Botanical Illustration for Beginners

 

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Water droplets - watercolor.jpg
Water droplet practice – watercolor

I love to paint and draw loosely, expressively and with lots of color. In an effort to bring more clarity, neatness and discipline to my work,  exercises like the one above, painting water droplets, from a book I just purchased (Botanical Illustration for Beginners) can help.

This exercise looks easier than it is (here’s a link to show you the steps from the book). To paint these droplets correctly, I had to really think about what I was doing. Some of the droplets are too heavily shadowed, too clumsily shaped, messier than I’d like. The smaller ones at the bottom have a different feel from the ones at the top, and I kind of like those better. These were painted with QoR’s magenta watercolor, and here are some practice droplets in pencil … (I like the watercolor better).WP_20161128_003.jpg

What I’m learning:  It is easy to look at an exercise such as this one and think, “I can do that!” but never try. Instead, I am trying and happy to learn by doing.  I expect to find some surprises along the way. Another thing is that I don’t want to just do it half- heartedly and be satisfied with mediocrity. I want to try and do my best. The point is to be more precise without overworking the art – with fewer, more intentional, more defined, sharper strokes and well placed (well applied, too) washes of color.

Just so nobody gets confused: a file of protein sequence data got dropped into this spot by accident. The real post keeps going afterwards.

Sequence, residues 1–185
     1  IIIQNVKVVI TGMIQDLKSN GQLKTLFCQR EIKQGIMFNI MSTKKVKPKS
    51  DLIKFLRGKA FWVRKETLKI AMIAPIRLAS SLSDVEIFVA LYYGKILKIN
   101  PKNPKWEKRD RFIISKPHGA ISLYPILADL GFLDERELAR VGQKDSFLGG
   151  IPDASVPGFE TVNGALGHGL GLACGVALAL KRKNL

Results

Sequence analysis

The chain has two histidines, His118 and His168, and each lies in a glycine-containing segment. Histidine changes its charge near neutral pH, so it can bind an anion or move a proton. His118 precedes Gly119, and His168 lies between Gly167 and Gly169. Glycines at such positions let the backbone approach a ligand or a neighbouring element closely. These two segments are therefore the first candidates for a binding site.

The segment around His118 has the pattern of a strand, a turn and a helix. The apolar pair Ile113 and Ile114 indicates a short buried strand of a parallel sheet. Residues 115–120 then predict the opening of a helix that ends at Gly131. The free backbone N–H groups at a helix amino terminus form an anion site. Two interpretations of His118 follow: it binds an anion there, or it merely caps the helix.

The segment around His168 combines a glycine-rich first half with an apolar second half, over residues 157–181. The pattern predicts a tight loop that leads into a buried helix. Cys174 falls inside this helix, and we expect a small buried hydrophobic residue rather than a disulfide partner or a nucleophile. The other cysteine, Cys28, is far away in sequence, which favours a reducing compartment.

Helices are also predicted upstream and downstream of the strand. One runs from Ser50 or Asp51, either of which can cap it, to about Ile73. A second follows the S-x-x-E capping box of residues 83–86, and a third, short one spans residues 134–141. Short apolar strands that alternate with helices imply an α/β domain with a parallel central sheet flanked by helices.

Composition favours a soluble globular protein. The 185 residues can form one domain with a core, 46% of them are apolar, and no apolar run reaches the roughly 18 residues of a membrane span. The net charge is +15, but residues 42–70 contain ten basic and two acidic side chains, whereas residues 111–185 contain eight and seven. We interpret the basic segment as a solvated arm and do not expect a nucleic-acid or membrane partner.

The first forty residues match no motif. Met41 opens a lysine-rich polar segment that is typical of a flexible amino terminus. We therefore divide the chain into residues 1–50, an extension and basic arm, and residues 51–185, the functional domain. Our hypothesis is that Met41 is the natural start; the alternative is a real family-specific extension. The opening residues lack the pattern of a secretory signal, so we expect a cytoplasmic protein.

my-inspiration-studio-deskAlso, when I thought about creating botanical illustrations, I always thought I must pluck a sample of a flower or plant that’s in its prime state of bloom or beauty, blemish-free and perfect in shape, form and color. While that’s an ideal situation for sure, this book helped me realize that’s not the only way to learn how to create botanical illustrations.One of the first exercises in the book is to practice painting Anemone flowers that are past their prime. So I had fun walking around our yard finding bits of “Florida fall” – a dried up Magnolia leaf, a Magnolia pod, acorns, and more to paint, or merely observe.

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Bits of Florida Fall

The book also talks about many things watercolor artists need to know – about painting techniques and mixing colors, drawing, and more. I plan to work through the exercises in the book, one by one, and learn as much as I can.

A good magnifying glass can be extremely helpful for botanical illustrations. I have a couple of handheld ones, but a nice desk magnifying glass would be quite nice – and so I ordered one, which should arrive the beginning of December.

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Mixing colors – using a simple primary palette (red, blue, yellow). Well, okay – I went a little crazy on these pages. No neat little squares as the book suggested. But hey, I was having fun. I was surprised how brilliant these colors came out on the page.
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Mixing greens using yellow and blue, then mixing greens using manufactured colors. This was a little dull for me. I am going to have another go at it tomorrow, along with mixing some browns and grey using primary colors.

Quick drawing from the book verses a closer study from a live specimen …

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